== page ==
In (still) trying to come to terms with Season 8 of GoT (Tormund’s there. Let’s focus on Tormund.), I ran across this in my fandom-Google-stumbling:
Courtesy of David Crow’s piece “How Gone With the Wind Influenced Game of Thrones“, published on Den of Geek. Copyright May 2020.
Apparently “George R.R. Martin frequently mentions Gone With the Wind in interviews”…
My first thought was a simultaneous cacophony of “Lord in Heaven, help us one and all” and “FFS”.
Then I thought, “Well. Damn. I ain’t read that…thing.”
Make no mistake, I grew up on the movie. I defy you to find a White Southerner, particularly female, who didn’t see it at least once in the 90s. My memory of Gone With the Wind did not come from a marketed VHS copy, but from a VHS you could record on, the ancestor of DVR, a…whatever-the-hell those orange-boxed ones were…Maxell?…TDK?…anyways, it was recorded off of ABC or CBS. Some publicly, widely available television channel. Prime time. I distinctly remember that as the years rolled on, the greatest enjoyment of watching our VHS copy was not the actual film, but in the quickly-dated fashions and technology in the commercials. And the M&Ms commercials. Y’all should’ve seen how much we loved M&Ms and those original Mac computers.
Even if I didn’t have a copy of the film, the stories of my family connected to Gone With the Wind would have been passed down anyways. This makes my family sound more “connected” than we actually are, but what I mean to say is that no, we weren’t extras lying on stretchers in that famous scene in Atlanta, and no, we weren’t extras at Twelve Oaks flouncing around in those bell skirts. But. One of my grandmothers fell in love with the idea of Scarlett to the point that she christened the hog on the farm she was raised on “Scarlett.” And painted the word “Tara” over the pen. Yup. Y’all. Welcome.
There you go.
And I defy you to find a White, Southerner, and particularly female family history that doesn’t have some similar story connected to the impact this book and this film made on a particular generation of the South. The “BuzzFeed quiz” question of the White Southerner Female Generation of 1940 (when Gone With the Wind premiered) was not what Disney Princess you were, but if you were more of a Melanie or a Scarlett. God forbid you were an India. At least if you were a Belle you got to sleep with Rhett. Allegedly.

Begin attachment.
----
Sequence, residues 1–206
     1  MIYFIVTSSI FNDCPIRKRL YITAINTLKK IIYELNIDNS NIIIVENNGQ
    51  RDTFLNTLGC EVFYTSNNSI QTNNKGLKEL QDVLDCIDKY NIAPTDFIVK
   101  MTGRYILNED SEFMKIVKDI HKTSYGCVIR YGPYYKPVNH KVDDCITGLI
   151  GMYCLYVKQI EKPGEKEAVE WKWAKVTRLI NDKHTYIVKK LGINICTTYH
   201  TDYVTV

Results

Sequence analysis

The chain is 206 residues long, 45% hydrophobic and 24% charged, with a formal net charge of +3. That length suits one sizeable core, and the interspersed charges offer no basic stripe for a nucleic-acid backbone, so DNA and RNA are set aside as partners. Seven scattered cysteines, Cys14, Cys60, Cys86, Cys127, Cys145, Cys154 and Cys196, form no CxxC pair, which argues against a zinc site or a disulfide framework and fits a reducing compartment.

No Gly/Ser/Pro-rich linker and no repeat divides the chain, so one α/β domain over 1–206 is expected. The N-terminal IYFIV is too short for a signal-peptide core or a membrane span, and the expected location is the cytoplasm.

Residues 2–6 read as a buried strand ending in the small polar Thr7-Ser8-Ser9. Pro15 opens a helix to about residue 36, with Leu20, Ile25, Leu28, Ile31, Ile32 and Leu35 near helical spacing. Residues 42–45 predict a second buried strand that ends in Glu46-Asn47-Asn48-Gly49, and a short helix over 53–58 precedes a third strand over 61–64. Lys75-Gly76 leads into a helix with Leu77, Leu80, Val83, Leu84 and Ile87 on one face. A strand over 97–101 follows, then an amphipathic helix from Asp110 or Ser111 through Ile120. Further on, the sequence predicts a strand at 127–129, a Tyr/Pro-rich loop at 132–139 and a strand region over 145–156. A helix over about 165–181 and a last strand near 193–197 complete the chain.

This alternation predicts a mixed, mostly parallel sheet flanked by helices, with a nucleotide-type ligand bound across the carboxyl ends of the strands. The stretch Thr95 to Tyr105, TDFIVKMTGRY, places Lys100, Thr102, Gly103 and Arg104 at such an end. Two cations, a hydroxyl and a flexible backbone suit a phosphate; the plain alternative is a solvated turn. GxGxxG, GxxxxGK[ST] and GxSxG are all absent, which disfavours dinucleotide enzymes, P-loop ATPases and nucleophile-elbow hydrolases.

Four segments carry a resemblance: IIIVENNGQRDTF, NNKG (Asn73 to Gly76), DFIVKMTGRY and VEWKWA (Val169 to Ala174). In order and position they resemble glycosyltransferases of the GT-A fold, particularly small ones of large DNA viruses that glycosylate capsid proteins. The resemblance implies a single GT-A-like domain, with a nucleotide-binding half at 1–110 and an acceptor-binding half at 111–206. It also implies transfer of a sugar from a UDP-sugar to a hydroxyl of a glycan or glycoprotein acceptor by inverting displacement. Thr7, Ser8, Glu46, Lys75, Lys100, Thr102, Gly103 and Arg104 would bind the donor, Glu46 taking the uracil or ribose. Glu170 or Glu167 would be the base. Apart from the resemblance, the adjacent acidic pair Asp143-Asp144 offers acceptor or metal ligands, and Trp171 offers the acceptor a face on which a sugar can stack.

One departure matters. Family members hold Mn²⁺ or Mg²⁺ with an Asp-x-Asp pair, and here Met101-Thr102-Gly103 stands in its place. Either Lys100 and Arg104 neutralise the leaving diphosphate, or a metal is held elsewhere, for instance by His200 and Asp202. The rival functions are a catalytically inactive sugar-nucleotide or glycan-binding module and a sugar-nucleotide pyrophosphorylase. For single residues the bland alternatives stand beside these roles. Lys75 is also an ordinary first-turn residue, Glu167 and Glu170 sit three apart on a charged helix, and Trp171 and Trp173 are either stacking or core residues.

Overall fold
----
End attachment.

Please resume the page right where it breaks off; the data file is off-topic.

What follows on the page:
Anywhos, I can only speak for the White Southerners. I can only testify as to what has been passed down to me as a White Southerner. And that’s what I aim to challenge myself to do by reading the damn book this whole thing was based on, and then influenced the generations who influenced me.
Full disclosure, Pt. 1, I visited Margaret Mitchell’s home in Atlanta once. That’s about all I know about Margaret Mitchell.
Full disclosure, Pt. 2, beyond visits to battlefields and poring over National Park Service materials that were published for the recent 150th observations and anniversaries of the 1860-1865 American Civil War (I specify the years, because I still maintain that America’s War for Independence was America’s first civil war), I am by no means, an expert on that American Civil War. I am not reading Gone With the Wind to examine its historical content. (You want historical-accuracy examinations of this novel, honey, I’m sure they’re out there. Godspeed. Ask a Park Ranger.)
I’m reading this book in an effort to get off the porch and really face this thing. Especially Scarlett “That Woman” O’Hara.
That woman has been my shadow whether I blessed-well like it, or not. As soon as folks figure out where I’m from, and how long my family’s been below the Mason-Dixon, two things usually, historically pop out of people’s mouths:
“Where’s your accent?” (SIGH.)
“So, you’re like Scarlett!” (…….n.o.)
I mean, for L.A.N.D. S.A.K.E.S, Scarlett Bless-ed O’Hara was a piece of shit racist, and if you just feel like shimmyin’ on past that fact, she was about as mean as twenty cottonmouths in the middle of summer and a few Mama-Bears-Who-Think-You’re-About-To-Threaten-Their-Cubs-So-You-Better-Run-Forrest-Run combined! Why in the WORLD do we “pedestal” this person?
Welp. I aim to figure that the fudge out. Because like it or not, being a Southern female means you have to face the Specter of Scarlett. Thanks, Margaret Mitchell. And David O. Selznick. Sigh.
Lord in Heaven, help us one and all. Amen.
Copyright Off The Porch History 2021